Author Topic: Catching tricks  (Read 1724 times)

Offline Misterwhang

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Catching tricks
« on: 07 November, 2013, 07:20:03 »
I see so many videos where people throw the ken and/or tama up then somehow magically end up spiking it. I really dont understand how people pull those types of tricks off. How do you even start practicing crazy stuff like that?? I mean every time I attempt these tricks it always ends in an epic fail. Do I need to focus harder on the ken/tama when playing?   

Offline HansNickmans

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Re: Catching tricks
« Reply #1 on: 07 November, 2013, 08:46:53 »
As the great Matt Hall once said: "It's all about hole control"
I've been practising this kind of stuff lately and it's not impossible, nor do I believe that lucky shots are involved in these edits (some will probably be, but still). It's a matter of manipulation the tama while the contact time with it is very short. These are very secure moves, with a larger error margin, but it is possible.

If you have problems with the exchanges, try the moves on a stringless or on a kendama with a slightly longer string. That could do wonders for your technique, and makes it possible to transfer the tricks to a normal sized kendama.

It always comes down to practice, practice, practice...
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Offline mreasyguy

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Re: Catching tricks
« Reply #2 on: 07 November, 2013, 08:51:05 »
What helps me with these kind of tricks is to totally focus on the tama only. Get confident that you can spin/throw the ken and catch it in the direction you want without looking at it, that will really help you just shift all your focus on watching the tama.

A striped tama is also a great help in these situations as i found when practicing basecup>kenflip>downspike/stab

Offline BKA

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Offline Cliffdama

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Re: Catching tricks
« Reply #4 on: 07 November, 2013, 12:46:40 »
Now i wondered the same on how they do that, but one thing i noticed is that they use their knees a lot ;).

To explaing the knee thing. Take your kendama and trow an earthspin as fast as you can. (Like 10x spin at once) and try to catch it with now going down with the tama. You won't catch it.
Now do the same only with knees. And go down with tha tama and try to have the ken just under it. This way it's still hard to catch but if you just keep follow the tama with your ken and keep bending your knees at one point the tama clicks to the ken and you catch it.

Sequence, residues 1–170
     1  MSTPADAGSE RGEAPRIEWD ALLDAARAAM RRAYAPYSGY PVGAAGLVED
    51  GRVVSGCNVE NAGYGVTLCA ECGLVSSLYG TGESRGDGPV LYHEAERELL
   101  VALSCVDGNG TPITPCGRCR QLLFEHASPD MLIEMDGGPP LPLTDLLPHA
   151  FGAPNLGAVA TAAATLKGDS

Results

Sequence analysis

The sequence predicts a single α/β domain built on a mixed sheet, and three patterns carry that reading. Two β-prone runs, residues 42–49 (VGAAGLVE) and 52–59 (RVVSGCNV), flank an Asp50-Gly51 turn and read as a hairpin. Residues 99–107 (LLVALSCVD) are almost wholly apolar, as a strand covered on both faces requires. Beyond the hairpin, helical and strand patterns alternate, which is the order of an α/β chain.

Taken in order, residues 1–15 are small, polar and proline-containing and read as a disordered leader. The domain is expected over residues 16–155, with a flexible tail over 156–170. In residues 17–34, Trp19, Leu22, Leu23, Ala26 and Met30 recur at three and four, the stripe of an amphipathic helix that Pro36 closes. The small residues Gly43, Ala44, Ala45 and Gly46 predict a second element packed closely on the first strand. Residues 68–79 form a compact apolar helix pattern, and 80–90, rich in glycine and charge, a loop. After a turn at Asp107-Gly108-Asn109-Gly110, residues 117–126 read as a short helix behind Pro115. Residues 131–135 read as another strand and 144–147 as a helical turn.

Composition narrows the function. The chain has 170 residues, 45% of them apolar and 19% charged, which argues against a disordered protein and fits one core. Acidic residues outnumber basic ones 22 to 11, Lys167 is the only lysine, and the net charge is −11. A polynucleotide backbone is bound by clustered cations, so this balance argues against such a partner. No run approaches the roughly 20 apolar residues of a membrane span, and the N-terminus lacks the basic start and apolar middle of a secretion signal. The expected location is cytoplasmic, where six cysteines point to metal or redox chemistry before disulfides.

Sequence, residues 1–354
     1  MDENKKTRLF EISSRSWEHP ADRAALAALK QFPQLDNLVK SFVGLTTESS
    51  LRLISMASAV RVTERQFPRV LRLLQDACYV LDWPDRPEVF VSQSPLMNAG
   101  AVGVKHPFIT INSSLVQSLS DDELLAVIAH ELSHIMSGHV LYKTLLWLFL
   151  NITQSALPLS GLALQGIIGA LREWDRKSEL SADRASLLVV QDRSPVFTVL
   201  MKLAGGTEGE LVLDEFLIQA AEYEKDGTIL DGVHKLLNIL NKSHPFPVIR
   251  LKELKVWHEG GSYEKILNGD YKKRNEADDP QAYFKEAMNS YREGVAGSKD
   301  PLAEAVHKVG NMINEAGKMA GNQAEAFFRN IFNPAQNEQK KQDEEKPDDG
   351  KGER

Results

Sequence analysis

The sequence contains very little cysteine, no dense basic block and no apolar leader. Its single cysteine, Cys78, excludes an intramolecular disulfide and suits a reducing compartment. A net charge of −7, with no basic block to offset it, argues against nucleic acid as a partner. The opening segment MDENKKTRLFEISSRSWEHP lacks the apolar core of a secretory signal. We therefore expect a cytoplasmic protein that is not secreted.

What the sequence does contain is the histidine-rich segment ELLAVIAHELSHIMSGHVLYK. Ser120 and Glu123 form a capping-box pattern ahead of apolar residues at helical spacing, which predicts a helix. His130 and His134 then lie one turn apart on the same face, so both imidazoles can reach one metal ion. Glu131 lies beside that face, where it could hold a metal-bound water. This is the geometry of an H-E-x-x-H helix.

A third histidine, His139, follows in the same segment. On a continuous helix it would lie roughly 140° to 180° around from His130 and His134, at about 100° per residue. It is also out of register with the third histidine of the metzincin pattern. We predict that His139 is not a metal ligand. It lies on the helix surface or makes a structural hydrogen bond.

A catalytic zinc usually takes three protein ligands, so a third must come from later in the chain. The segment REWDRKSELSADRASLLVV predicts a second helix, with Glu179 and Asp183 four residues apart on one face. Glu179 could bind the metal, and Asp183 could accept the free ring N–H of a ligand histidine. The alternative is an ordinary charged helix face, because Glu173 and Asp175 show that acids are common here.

I think this works the same wuth thos catching tricks. If your trow is good and you keep following the tama and use your knees a lot you wil eventualy catch it more constantly :).

Hard to explain something in english like this :p. I'm dutch so sorry about it ^^

Offline the milky oolong

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Re: Catching tricks
« Reply #5 on: 06 December, 2013, 15:10:12 »
Are you talking about Fast Hand/Juggle stuff? If so, you need to bear in mind that these transitions come out of being completely comfortable with the tricks as isolated moves (1-Turn Lighthouse, for example), and move into a combination.

One example might be Swing-In (Juggle) > Lighthouse (damn, should have read the definiton article in Tricks more closely). You're essentially executing a 1-Turn in Ken grip, but thinking about it like that won't help; try a normal Swing-In and put some flip into the Ken, reach for the tama. Do it again. And again. Just concentrate on getting the spin right. If you have practised 1-Turn Lighthouse enough you will begin to adjust the tama catch by muscle memory, so to speak.

Technically, then, you're only challenged with the Juggle - that which makes these Trade-Spike/Juggle/Fast Hand tricks look so daunting is that the practise polishes away the split, like a seamless bit of editing, but don't let yourself be put off by this, it's just technique and (as aforementioned) practise, and occasionally breaking down the game a bit. Your Thumb-Trap > Aeroplane-In in Tricks is an example of exactly this!
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